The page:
It is very difficult to experience internal silence, if we live in a disorganized environment.  Disorder can take the form of clutter and lack of order in our physical environment.  It can also be failure on our part to discipline ourselves: stop using profanity, find the good in every situation, give up skepticism and negativity, accept that we can’t change the world, the Church, our community or ourselves with the snap of a finger.  We must work at change.  Begin by harnessing anger.  Like the Wise men from the East who persevered following the star that led them to the Christ Child, we must continue to follow the star that leads to self-control and self-discipline, as that of the Wise men.  Order and internal silence are graces that we must actively pursue through concrete actions and insistently pray for the grace to move forward, even if it’s one step at a time.

Fourth, this is a time to reconnect with our families, communities, parish and colleagues.  We accept that nothing human is perfect, but we insist on finding the good in every situation.

Joseph was pressed for a solution when he could not find a place for Mary to deliver her firstborn and only son, Jesus Christ.  Yet he did the best he could.  He found a clean cave to serve as the delivery room for the

Birth of Jesus

Son of God and Son of Mary.  He did not express disappointment or frustration because the accommodations were less than

those at an inn or at the home of a relative.  On the contrary, he took what God had provided and made it the first tabernacle in history.  The cave housed the Son of God, body, blood, soul and divinity.  He and Mary welcomed the peasants and shepherds to their “tabernacle” under the rocks.

The birth of Christ proclaimed a new age, an age of redemption for all who were willing to believe and to join the community of believers in fraternity, without class, racial or gender distinctions.  The Holy Family in Bethlehem opened its doors to anyone who wanted to join them.  We too must be willing to open the doors that allow those who would normally be shunned or left out to join our family and with us, contemplate and serve the new born Son of God.  So, we reach out to family, friends, and others in a spirit of humility, acknowledging that it is not us whom others come to find, but the newborn King of Kings.

Prepare for Christmas:

  1. go to confession and do penance,
  2. seek out daily periods of silence,
  3. return order to your life, starting with your surroundings and continuing with your behaviors; and
  4. connect with family, friends, community members, fellow parishioners.  Reach out and welcome others into your spirit of Christmas.

A MERRY AND BLESSED CHRISTMAS TO OUR FRIENDS AND BENEFACTORS

Published in: on December 21, 2018 at 2:30 PM  Comments (1)  

The “Right” to Kill?


What is the dictionary definition of euthanasia?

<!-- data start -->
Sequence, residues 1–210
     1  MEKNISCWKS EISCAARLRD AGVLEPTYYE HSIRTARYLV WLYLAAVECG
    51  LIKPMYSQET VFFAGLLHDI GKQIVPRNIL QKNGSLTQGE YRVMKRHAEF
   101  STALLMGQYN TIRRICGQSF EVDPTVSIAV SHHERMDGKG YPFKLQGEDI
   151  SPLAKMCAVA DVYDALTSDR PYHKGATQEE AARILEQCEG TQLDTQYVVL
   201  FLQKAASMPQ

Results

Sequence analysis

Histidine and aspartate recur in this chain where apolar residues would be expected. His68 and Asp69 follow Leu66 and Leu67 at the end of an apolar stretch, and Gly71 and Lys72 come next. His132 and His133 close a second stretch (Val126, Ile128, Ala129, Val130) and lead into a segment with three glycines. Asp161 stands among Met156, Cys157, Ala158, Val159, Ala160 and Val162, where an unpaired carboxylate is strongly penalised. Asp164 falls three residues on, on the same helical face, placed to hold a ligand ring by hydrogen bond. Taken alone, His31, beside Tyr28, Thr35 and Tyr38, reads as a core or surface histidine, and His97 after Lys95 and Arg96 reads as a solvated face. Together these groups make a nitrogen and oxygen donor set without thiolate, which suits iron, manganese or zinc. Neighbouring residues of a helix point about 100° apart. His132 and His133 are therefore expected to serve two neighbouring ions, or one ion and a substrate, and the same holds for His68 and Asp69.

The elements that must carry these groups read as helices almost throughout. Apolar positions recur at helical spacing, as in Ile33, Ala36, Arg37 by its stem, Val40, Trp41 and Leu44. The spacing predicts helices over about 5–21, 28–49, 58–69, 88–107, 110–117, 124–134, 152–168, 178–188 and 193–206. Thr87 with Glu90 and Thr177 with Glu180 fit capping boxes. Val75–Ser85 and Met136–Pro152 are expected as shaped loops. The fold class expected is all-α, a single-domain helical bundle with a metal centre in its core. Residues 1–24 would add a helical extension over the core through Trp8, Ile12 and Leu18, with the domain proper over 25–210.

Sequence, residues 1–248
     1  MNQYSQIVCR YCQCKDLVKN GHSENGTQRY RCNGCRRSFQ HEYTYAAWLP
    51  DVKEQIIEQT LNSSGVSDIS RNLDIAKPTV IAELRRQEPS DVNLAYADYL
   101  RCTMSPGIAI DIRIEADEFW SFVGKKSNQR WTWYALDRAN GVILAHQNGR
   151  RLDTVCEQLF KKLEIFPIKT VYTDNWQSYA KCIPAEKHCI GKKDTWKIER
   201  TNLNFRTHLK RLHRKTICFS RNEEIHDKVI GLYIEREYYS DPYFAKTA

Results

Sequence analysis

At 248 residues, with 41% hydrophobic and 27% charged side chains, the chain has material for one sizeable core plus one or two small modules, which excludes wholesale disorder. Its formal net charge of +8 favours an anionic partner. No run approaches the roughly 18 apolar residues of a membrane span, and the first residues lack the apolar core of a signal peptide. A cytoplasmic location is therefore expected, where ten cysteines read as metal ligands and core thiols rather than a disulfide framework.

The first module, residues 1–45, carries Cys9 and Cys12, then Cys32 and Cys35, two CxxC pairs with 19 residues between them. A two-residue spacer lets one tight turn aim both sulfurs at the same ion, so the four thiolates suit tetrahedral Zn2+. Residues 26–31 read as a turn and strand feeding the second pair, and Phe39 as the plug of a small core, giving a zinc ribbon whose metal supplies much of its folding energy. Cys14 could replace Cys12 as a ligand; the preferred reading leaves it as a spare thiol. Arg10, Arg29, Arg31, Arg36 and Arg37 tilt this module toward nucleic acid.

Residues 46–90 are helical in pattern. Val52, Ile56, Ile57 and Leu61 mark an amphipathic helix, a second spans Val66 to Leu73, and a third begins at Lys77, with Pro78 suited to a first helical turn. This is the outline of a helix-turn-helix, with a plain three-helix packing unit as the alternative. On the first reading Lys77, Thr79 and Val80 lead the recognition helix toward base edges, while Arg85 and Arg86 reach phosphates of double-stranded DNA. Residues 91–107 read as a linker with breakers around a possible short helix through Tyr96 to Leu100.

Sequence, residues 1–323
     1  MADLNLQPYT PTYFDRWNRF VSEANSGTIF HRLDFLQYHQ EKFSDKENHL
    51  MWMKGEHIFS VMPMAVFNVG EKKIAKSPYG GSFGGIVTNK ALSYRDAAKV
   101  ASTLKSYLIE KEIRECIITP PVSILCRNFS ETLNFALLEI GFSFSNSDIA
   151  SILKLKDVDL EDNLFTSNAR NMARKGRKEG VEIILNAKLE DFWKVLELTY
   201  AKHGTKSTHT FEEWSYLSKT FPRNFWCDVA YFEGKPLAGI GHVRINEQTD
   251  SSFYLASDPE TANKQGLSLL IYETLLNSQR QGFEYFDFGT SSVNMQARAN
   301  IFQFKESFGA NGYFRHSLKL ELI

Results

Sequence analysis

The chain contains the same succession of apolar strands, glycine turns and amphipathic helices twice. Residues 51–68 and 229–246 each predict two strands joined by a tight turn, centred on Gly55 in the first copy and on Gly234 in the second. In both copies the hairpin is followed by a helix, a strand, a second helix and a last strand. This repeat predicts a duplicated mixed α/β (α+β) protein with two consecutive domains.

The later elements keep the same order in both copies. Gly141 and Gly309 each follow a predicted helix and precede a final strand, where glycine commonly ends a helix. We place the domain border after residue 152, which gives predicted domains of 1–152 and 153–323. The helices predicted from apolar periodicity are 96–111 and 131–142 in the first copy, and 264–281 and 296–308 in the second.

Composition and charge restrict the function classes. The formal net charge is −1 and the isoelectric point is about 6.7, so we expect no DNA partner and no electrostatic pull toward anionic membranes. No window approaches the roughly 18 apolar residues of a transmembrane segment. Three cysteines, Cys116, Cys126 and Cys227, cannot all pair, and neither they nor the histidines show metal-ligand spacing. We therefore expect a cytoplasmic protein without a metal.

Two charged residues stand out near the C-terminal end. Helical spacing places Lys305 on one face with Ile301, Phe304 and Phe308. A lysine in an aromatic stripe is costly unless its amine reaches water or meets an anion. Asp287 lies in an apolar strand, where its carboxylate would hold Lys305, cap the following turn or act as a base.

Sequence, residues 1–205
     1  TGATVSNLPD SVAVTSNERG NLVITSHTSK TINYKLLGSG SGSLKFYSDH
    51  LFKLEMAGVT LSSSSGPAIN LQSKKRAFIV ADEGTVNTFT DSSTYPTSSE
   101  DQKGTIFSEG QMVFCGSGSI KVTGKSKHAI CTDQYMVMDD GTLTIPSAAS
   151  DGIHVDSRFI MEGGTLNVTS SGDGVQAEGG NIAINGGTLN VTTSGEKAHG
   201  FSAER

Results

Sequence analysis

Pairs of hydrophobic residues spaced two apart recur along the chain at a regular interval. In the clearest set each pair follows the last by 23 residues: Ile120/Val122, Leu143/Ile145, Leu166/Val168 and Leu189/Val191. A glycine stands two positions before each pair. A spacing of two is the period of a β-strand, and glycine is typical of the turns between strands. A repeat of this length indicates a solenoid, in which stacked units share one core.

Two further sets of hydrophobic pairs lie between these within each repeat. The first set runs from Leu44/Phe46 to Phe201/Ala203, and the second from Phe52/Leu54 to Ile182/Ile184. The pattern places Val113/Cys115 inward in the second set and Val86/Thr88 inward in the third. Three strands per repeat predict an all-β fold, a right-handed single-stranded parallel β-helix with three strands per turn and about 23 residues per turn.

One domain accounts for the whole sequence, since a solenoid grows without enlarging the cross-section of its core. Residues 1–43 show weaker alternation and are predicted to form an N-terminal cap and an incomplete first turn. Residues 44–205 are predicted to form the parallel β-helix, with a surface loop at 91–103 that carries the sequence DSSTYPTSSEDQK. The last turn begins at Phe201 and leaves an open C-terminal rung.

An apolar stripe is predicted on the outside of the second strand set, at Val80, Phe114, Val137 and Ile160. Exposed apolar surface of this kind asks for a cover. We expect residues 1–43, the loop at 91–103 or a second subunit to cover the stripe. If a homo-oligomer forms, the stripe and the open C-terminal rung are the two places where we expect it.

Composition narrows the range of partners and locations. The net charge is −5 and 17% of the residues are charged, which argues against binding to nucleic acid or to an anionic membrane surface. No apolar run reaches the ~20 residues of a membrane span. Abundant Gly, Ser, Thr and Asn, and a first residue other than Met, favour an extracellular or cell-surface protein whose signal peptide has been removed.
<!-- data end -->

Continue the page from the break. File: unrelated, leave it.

The word “euthanasia” used in a medical context refers to an easy, painless, happy death, during which it was a “physician’s responsibility to alleviate the ‘physical sufferings’ of the body.”

The ethical problem with this definition, from a non-religious point of view, is found in the word “happy”.

– Who guarantees that the person will be happier dead than alive?

– Even the patient cannot know what lies on the other side of death. He or she can’t choose a “happiness” that is not guaranteed.  It is unethical for one to desire that which conflicts with natural law.  Nature has a time and a means for each of us to die.  In choosing euthanasia we’re assuming greater authority over life and death than nature.  If humans can have greater authority over life and death than nature, how do we explain that human beings can reproduce naturally or with medical assistance, but cannot create life out of nothing?

– Reproduction technology such as in vitro fertilization (IVF) replicates nature. Therefore, the laws that govern life are built into nature, not man or his technology.

 

How many forms of euthanasia are there?

We can identify 3 types of euthanasia.

  1. voluntary euthanasia (euthanasia performed with the patient’s consent).

We cannot govern when and how we are conceived; how can we determine when and how we are to die?  Man is naturally oriented toward the greater good.  If he or she chooses euthanasia, it’s because he or she has become convinced that death is a greater good than life.  But why?

Mental health professionals will tell us that a person who commits suicide is unstable.  Is the person who allows another to kill him, emotionally stable?  What is the difference, between me holding the gun to my head and me handing to another person a lethal injection and passively allowing him to inject a deadly chemical into my blood stream?

People who are advanced in years, or very ill, may desire death. Usually, they don’t desire to be killed.  There’s a big difference between yearning for the end of suffering and paying a medical professional to end his suffering by killing him.  The emotional stability of those who give a medical professional the authority to kill them can, and should, be questioned.  Is this not abdicating one’s right to experience the human condition?  Is this truly choosing to end pain or feelings of neglect, or is it taking the quick way out, so a not to deal with pain or old age, especially if the senior feels abandoned by his loved ones?